Elizabeth Emery’s paper, “A Wrench in the Social Justice Toolbox: Assessing the Constitutional Class Action as a Tool for Addressing Racial Discrimination,” was recently published in the Canadian Class Action Review, Volume 17, Issue 1.
In this paper, Elizabeth provides an overview of racial profiling by police as a form of discrimination that has been recognized as a breach of the Canadian Charter of Rights and Freedoms. She notes that claims for Charter damages are one of the few options available to victims of racial profiling. However, the remedy is seldom used due to financial, social and psychological barriers. This raises the possibility of using class proceedings as a means of improving the accessibility of Charter damages. Elizabeth explains racial profiling and reviews the recognition of racial profiling by Canadian courts as a harm that can be addressed using the framework in place for Charter damages. She reviews the leading Canadian cases on the certification of Charter damages claims and discusses the ongoing uncertainty that persists in this area. Elizabeth argues that class actions are a possible viable solution to address the inaccessibility of Charter damages. She notes the recent certification of a racial profiling case in Quebec (Ligue des Noirs du Québec v Ville de Montréal, 2019 QCCS 3312), but emphasizes the need for clarification of the law of certification to allow for the development of an appropriate and effective legal framework to improve access to justice for victims of racial profiling and discrimination.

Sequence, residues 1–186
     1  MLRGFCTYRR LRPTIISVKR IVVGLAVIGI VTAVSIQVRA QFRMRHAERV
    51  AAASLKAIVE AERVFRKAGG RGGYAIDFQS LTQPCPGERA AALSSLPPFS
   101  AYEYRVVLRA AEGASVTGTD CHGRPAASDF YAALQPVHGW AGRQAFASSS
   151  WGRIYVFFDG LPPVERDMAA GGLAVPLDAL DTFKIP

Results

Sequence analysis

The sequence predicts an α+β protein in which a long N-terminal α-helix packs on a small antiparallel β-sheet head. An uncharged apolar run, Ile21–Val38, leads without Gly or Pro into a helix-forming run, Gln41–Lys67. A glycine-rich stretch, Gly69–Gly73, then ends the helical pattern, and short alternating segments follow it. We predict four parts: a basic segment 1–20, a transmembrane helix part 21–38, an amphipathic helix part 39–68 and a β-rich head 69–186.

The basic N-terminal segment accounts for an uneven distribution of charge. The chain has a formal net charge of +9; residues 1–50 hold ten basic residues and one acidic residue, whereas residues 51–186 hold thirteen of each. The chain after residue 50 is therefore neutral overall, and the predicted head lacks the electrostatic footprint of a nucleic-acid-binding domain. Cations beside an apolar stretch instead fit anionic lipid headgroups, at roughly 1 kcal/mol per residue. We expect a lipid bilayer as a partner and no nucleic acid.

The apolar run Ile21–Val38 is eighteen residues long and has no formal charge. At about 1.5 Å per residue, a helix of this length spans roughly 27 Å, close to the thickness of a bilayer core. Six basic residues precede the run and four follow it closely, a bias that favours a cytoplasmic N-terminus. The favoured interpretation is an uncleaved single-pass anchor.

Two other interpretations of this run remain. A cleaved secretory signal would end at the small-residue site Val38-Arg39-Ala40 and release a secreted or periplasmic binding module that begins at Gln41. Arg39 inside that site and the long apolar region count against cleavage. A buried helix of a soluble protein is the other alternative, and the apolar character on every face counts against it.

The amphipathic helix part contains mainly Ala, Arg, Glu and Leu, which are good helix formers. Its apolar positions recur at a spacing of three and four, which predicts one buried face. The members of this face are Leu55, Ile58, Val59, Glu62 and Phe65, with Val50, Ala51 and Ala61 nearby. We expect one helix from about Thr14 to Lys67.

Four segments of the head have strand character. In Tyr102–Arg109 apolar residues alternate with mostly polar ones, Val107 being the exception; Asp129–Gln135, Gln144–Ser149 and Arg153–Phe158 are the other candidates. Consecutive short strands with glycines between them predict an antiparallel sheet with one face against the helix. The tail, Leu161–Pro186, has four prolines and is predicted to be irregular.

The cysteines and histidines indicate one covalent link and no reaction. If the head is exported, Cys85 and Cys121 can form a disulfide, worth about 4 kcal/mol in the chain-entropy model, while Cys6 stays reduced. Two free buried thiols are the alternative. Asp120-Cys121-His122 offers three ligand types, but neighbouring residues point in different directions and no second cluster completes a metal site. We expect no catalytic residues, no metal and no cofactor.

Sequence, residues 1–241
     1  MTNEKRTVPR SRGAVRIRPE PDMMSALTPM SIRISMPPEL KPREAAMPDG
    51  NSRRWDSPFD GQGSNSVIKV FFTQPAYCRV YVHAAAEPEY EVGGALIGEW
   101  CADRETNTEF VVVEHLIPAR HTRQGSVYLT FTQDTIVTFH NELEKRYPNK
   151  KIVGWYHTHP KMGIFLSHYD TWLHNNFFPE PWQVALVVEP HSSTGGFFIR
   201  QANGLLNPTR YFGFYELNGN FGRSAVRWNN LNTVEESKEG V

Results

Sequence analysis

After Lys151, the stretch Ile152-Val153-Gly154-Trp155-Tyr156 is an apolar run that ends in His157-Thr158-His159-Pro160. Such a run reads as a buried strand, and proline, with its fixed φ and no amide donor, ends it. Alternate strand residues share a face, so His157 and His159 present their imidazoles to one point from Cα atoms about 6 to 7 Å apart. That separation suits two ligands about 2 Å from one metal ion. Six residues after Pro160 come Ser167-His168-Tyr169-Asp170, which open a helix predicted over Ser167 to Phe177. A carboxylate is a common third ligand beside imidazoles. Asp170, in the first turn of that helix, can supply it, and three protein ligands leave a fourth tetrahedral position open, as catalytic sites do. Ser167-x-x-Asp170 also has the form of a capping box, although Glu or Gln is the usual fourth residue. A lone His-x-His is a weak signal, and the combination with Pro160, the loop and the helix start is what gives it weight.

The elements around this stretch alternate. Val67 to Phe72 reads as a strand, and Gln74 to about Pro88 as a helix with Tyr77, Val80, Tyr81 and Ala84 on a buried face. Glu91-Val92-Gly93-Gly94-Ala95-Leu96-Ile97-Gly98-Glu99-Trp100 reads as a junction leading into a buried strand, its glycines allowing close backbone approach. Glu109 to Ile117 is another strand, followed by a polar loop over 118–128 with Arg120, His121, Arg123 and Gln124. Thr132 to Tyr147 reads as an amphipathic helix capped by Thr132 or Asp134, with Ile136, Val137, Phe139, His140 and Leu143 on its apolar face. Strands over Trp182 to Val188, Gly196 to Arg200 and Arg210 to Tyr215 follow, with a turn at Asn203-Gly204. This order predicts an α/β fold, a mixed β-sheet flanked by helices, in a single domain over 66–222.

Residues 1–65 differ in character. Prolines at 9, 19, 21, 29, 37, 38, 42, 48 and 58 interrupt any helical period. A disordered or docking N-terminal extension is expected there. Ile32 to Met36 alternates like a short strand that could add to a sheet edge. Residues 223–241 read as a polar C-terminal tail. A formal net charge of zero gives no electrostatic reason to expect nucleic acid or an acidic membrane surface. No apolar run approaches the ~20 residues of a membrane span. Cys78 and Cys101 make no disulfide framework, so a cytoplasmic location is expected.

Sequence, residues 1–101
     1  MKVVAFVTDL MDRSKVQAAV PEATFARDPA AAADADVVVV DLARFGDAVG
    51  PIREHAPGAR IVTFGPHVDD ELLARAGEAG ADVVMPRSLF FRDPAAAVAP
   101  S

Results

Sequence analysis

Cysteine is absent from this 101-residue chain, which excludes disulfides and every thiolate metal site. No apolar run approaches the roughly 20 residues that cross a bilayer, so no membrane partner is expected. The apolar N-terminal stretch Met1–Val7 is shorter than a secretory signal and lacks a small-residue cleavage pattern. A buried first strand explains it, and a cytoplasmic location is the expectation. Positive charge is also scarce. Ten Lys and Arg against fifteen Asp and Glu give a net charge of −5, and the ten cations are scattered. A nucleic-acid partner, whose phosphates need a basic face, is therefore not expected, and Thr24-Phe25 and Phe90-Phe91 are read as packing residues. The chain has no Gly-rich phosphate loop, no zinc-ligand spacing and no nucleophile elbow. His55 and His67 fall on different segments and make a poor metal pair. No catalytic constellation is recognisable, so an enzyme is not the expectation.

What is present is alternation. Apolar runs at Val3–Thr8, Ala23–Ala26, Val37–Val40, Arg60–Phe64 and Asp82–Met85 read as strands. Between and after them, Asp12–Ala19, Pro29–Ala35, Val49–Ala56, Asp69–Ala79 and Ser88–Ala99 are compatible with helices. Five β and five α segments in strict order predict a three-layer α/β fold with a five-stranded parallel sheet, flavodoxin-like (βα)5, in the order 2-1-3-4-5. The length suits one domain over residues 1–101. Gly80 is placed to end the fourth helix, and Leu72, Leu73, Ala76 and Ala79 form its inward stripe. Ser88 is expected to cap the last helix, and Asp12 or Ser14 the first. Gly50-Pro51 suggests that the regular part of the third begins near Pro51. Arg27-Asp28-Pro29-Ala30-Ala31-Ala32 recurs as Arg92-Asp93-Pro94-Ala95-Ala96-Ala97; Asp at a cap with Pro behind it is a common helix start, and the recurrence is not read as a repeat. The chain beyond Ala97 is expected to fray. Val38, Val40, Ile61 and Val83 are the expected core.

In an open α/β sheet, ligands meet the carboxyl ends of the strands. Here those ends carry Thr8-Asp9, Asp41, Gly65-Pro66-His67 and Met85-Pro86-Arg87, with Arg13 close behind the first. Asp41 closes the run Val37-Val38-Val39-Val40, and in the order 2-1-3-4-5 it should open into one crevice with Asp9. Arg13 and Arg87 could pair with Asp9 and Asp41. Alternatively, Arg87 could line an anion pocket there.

Read the full paper here.